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Fez is a beautiful city surrounded by hills. It is made up of the
walled medina, Fez el-Bali, Fez el-Jdid (1276) and the Ville
Nouvelle, the new city that was built by the French. It is the third
largest city in Morocco, after Casablanca and Rabat. It has a
population of 946,815. Along with
Meknes and Rabat, it is one of the four "imperial cities" of
Fez reached its golden age in the 13th–14th centuries under the
Marinids, when it replaced Marrakesh as the capital of the kingdom.
The principal monuments in the medina, the residences and public
buildings, date from this period.
Fez was founded by Idriss II in 809 on a site selected by his
father, Idriss I. The city developed into a cultural center and a
learning center with the growth of the Idrissi dynasty. It is the
spiritual and cultural center of Morocco.
In Fez el- Bali there are two distinctly different districts. In
818, many hundred Moslem families fled the Spanish Inquisition in
Andalusia and settled the right bank of Wadi Fez. Seven years later,
300 families from Qairouan established their homes on the opposite
bank. The Andalusian Arabs brought with them art and the experience
of the civilization of Muslim Spain. The refined building style is
clear to see in the Andalusian quarter. The Andalus Mosque, built in
859, and the palaces have sculpted and carved woodwork, engraved
bronze, musharrabiyas (carved lattice work screen used on windows)
columns and sculpted plasterwork. Marble or onyx was used to pave
the courtyards of public buildings.
Fez was the Arab capital to the Idrissis, and a center for religion
and learning with the establishment of the
Qarawiyyin Mosque and madrasa in 810. Muslim and Christian
scholars from all regions came to study at its university, which was
the best place for learning till the establishment in Cairo of al-Azhar
With the fall of the Idrissi dynasty in the mid-tenth century, a
battle was fought by the Fatimids of Tunis and the Umayyads of
Cordoba over the control of Fez. Each time the city changed hands,
walls and fortifications were built.
Almurabitun who came from Berber tribes from the desert, took the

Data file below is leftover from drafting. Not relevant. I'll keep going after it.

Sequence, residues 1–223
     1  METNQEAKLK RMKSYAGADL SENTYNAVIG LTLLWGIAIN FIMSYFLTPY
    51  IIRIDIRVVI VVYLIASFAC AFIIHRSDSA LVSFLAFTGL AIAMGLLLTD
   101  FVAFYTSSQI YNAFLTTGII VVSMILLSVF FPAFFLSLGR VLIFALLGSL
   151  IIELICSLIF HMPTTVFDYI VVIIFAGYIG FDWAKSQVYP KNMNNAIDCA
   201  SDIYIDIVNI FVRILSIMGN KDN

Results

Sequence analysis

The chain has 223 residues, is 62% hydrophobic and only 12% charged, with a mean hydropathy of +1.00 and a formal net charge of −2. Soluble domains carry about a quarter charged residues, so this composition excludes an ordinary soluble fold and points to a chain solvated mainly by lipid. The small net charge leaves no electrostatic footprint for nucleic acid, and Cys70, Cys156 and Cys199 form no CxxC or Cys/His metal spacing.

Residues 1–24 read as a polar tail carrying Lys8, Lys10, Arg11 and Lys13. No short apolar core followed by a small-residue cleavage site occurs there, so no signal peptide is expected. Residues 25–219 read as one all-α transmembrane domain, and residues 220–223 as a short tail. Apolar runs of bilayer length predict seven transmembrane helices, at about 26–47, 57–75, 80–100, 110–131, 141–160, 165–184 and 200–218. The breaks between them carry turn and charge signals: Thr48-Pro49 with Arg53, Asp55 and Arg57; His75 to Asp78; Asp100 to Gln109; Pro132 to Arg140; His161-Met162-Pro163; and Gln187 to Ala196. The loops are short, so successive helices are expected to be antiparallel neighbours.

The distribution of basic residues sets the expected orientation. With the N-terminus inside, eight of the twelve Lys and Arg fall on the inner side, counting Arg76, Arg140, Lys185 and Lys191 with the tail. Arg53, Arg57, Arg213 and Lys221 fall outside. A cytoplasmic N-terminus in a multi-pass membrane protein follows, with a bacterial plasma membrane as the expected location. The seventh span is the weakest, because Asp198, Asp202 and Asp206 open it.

opportunity to capture Fez when the Umayyad dynasty in the Andalus
fell. By 1106 Almurabitun controlled the Andalus as well as Morocco.
Forty years later Fez was conquered by the Almuwahhidun in 1146.
In 1250 the Marinids captured Fez from the Almuwahhidun. Sultan
Adbel Youssef Yacoub established Fez el-Jdid and made it the
administrative center for the Marinids. Unlike their predecessors,
the Marinids turned their attention to Morocco rather than the
Andalus, and Fez reached its height in the 13th and 14th centuries.
In Fez el-Bali near the Bou’Inania madrasa, is the Dar-Batha museum.
It houses the finest ceramic collection in Morocco, showing the art
and techniques of Fez craftsmen. The famous "Fez blue" generally
serves as a background, decorated with geometrical or stylized
The shrine and mausoleum of Moulay Idris II, built in the 14th
century, are a pilgrimage destination and a site for civic ceremony
The 14th century Arab traveler Ibn Battuta is buried in Fez.
The Medina of Fez was inscribed a UNESCO World Heritage Site, 1981
based on the following UNESCO criteria:
• to exhibit an important interchange
of human values, over a span of time or within a cultural area of
the world, on developments in architecture or technology, monumental
arts, town-planning or landscape design;
• to be an outstanding example of a
traditional human settlement, land-use, or sea-use which is
representative of a culture (or cultures), or human interaction with
the environment especially when it has become vulnerable under the
impact of irreversible change.